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Patrick reads an excerpt from an article in The Atlantic that tells us to Stop Fetishizing Old Houses. Doug asks about arc-fault breakers. Engineer Alex shares his thoughts on electrical components. Jim reminds us that sound control starts with the door. Christian asks how to waterproof a concrete overhang with a wood ceiling underneath. Joseph asks about a net-zero energy and carbon in a cooling climate. Andrew uses degree days to evaluate his home energy improvements.
M. Nolan Gray is a professional city planner and a housing researcher at UCLA. He is the author of Arbitrary Lines: How Zoning Broke the American City and How to Fix It
Across the country—but particularly along the coasts—barriers to construction mean that housing production has plummeted, such that we now face a national demand-supply gap of 6.8 million homes. To break even over the next 10 years, the National Association of Realtors found, we would need to build at least 700,000 new homes each year.
In the meantime, says. A stately Victorian manor in the Berkshires is one thing. But if you live in a Boston triple-decker, a kit-built San Jose bungalow, or a Chicago greystone, your home is the cheap housing of generations past. These structures were built to last a half century—at most, with diligent maintenance—at which point the developers understood they would require substantial rehabilitation. Generally speaking, however, the maintenance hasn’t been diligent, the rehabilitation isn’t forthcoming, and any form of redevelopment is illegal thanks to overzealous zoning.
Modern homes and apartment buildings are not only far better insulated—they also feature modern HVAC (heating, ventilation, and air-conditioning) technologies, such that homes can be warmed and cooled without using nearly as much energy as their older counterparts. Given that heating and cooling account for nearly half of all household energy use in the U.S., the savings from new housing could have serious implications for climate change.
That little space heater struggling to keep your drafty old apartment warm—to say nothing of your window AC unit—isn’t just unsightly. It’s also a climate failure. You might think uneven floors or steep stairwells have “character.” You’ll get no argument here. But more often than not, old housing is simply less safe. Until 1978, lead was common in house paint, and until the 1980s, in water pipes. Although the substance has been banned in new housing, the CDC estimates that 24 million old homes are still coated in lead paint—including the many Levittown homes built in the 1950s—while an estimated 9.2 million homes still receive water through lead pipes.
Or take fire safety: Electrical fires alone account for one in 10 residential fires, killing nearly 500 Americans each year. These fires are mostly a function of improper and aging wiring, which is endemic in older homes. Worse yet, many older homes lack the materials needed to stop a blaze once it starts; back in 2016, a single misplaced cigarette might have been what sent San Francisco’s Graywood Hotel—a 116-year-old single-room-occupancy building that housed approximately 77 people—up in flames.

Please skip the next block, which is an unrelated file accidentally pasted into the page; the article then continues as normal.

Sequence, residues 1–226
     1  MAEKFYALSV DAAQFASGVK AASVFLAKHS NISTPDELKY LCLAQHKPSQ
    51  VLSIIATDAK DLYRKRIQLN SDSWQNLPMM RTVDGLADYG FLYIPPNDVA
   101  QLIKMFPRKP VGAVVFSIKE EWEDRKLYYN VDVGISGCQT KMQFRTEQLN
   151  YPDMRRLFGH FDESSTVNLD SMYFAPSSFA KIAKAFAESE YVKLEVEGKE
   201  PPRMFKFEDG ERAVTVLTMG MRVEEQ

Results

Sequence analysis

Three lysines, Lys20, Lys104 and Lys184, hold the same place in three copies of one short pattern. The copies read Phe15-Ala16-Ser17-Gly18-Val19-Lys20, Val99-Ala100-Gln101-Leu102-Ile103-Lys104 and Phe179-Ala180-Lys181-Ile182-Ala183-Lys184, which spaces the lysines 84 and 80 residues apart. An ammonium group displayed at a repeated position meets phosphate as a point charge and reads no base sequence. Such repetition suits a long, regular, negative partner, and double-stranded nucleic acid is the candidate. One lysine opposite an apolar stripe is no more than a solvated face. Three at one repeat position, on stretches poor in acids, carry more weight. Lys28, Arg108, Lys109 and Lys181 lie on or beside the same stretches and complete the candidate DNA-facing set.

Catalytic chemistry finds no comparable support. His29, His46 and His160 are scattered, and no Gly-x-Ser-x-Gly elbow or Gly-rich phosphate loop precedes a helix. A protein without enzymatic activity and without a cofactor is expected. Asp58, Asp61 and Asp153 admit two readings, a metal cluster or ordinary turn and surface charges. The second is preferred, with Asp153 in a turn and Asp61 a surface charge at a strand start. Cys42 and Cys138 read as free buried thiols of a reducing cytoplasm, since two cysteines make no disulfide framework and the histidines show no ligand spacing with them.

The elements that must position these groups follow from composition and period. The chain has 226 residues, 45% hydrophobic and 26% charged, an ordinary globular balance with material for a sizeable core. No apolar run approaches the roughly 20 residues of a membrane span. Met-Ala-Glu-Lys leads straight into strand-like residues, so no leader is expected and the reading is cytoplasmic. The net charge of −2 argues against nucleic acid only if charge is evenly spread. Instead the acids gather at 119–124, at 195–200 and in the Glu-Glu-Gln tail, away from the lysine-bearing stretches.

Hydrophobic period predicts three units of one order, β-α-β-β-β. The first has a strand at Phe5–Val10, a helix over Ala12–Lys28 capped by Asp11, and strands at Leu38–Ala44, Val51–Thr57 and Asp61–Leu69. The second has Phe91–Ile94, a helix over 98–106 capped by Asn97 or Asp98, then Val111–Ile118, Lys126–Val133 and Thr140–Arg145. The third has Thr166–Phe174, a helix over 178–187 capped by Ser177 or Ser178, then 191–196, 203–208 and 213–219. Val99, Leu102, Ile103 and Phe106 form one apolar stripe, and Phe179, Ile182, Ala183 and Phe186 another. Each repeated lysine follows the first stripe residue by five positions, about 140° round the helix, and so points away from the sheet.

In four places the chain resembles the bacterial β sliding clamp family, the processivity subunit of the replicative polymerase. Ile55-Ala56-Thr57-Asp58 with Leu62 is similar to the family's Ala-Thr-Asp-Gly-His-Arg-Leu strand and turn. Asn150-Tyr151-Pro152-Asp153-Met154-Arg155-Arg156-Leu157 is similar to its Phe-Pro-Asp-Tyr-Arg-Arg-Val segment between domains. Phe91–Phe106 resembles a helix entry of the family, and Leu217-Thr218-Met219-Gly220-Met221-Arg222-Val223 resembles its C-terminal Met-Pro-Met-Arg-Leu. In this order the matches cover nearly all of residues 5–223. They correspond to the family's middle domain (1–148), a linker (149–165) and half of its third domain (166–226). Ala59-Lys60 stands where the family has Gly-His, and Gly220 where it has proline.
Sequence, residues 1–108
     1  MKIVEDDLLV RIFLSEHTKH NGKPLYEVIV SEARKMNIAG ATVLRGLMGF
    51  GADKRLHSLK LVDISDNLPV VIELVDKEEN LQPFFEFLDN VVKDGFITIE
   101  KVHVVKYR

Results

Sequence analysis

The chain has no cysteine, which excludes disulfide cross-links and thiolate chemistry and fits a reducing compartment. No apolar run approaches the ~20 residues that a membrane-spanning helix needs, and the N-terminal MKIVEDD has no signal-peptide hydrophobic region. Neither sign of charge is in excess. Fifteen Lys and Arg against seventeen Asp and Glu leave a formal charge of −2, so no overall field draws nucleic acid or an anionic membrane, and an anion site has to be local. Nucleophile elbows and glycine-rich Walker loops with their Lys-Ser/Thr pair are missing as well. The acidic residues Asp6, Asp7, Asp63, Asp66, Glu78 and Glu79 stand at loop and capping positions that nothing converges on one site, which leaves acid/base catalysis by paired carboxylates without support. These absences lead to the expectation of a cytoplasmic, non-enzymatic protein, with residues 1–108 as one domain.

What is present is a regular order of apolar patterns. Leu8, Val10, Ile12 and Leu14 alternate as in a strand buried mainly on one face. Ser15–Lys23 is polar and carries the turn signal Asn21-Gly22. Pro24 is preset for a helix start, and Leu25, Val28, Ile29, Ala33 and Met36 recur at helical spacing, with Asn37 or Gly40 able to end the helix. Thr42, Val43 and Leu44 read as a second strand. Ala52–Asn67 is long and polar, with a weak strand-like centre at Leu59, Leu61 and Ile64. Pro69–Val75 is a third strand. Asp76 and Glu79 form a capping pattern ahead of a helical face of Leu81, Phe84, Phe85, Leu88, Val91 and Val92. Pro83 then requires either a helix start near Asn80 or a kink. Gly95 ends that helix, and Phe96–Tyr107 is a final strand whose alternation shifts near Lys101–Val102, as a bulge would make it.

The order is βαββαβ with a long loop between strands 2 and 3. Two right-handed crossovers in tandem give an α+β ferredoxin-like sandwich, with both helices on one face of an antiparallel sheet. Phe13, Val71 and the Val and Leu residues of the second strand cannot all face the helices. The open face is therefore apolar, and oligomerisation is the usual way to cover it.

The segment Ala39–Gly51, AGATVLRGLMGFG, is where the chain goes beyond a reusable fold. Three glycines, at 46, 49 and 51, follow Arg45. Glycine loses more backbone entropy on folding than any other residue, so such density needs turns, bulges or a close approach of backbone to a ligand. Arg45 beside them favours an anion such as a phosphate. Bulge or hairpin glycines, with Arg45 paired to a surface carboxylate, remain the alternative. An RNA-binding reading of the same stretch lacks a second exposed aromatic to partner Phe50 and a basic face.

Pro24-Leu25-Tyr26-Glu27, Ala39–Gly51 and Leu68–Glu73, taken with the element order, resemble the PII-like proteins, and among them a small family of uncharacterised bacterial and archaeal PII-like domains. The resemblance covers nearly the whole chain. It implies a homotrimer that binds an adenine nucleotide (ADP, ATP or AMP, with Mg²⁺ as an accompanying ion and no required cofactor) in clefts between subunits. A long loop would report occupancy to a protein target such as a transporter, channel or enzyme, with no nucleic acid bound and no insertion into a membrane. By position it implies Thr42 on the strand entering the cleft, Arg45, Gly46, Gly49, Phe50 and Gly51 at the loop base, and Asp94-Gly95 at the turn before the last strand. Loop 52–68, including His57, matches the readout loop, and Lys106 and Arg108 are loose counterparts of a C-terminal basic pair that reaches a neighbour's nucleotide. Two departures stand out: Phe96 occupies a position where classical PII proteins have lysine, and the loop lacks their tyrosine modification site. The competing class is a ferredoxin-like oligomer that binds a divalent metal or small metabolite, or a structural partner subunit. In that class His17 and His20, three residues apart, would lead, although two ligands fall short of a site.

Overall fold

Even when old housing is not killing its occupants, much of it is exclusionary by design. Before the passage of the Americans With Disabilities Act and recent amendments to the Fair Housing Act, standard elements such as ramps and elevators—as well as more subtle accessibility features such as automatic doors and wheelchair-friendly units—were not required, and so were rarely provided. As a result, old housing typologies like New York City’s walk-up tenements end up trapping many thousands of seniors in place, while limiting housing opportunities for many thousands more.
Doug writes: Hi All, In podcast #426 you asked for electrical questions for an upcoming pro-talk. I would like Rick’s opinion on the requirement for arc fault breakers on every circuit. When I built our new house 10 years ago I only needed them for bed rooms. My observation at the time was that a $4 breaker became a $30 one. My cynical side wondered if the requirement was pushed by Square D and others for profit. I have since learned they have a tendency to trip when power is restored after an outage. This is an irritant but not the end of the world. Now that they are required everywhere there are greater concerns. I know of people who have lost a freezer full of food because they were out of town during one of these events. If it is winter and one of these breakers controls your heat you could return to frozen pipes. For of this reason, I know someone who after getting the CO replaced these breakers with standard ones. Sometimes there are unintended consequences to code changes. As to Rick’s comments about 20-amp circuits, while people are adding more devices the total load is not necessarily greater. All the new “must have” kitchen toys are already on 20 amp circuits.Keep up the info and fun, Doug
Patrick, I spoke to my local Square D rep, he told me that the first generation of arc fault detector breakers did have issues along the lines of what Doug was describing. He told of one case recently where the utility transformer on the pole had some type of grounding issues that were causing the arc fault breakers to trip inside a house during a restoration of power after an outage. But he said that was pretty easy to find the cause, because it was a newer development where all of the houses had Arc Fault bkrs.